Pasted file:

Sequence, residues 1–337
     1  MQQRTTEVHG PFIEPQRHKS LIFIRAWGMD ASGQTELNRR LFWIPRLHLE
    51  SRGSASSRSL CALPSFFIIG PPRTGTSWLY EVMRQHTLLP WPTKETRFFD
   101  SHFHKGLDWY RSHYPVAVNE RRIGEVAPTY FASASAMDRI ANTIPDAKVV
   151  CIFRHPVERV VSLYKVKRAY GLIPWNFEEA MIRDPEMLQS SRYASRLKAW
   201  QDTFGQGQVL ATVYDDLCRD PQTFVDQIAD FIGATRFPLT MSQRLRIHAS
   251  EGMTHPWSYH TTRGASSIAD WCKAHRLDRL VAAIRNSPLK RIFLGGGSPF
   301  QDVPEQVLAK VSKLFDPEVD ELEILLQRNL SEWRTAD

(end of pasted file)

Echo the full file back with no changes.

Sequence, residues 1–337
     1  MQQRTTEVHG PFIEPQRHKS LIFIRAWGMD ASGQTELNRR LFWIPRLHLE
    51  SRGSASSRSL CALPSFFIIG PPRTGTSWLY EVMRQHTLLP WPTKETRFFD
   101  SHFHKGLDWY RSHYPVAVNE RRIGEVAPTY FASASAMDRI ANTIPDAKVV
   151  CIFRHPVERV VSLYKVKRAY GLIPWNFEEA MIRDPEMLQS SRYASRLKAW
   201  QDTFGQGQVL ATVYDDLCRD PQTFVDQIAD FIGATRFPLT MSQRLRIHAS
   251  EGMTHPWSYH TTRGASSIAD WCKAHRLDRL VAAIRNSPLK RIFLGGGSPF
   301  QDVPEQVLAK VSKLFDPEVD ELEILLQRNL SEWRTAD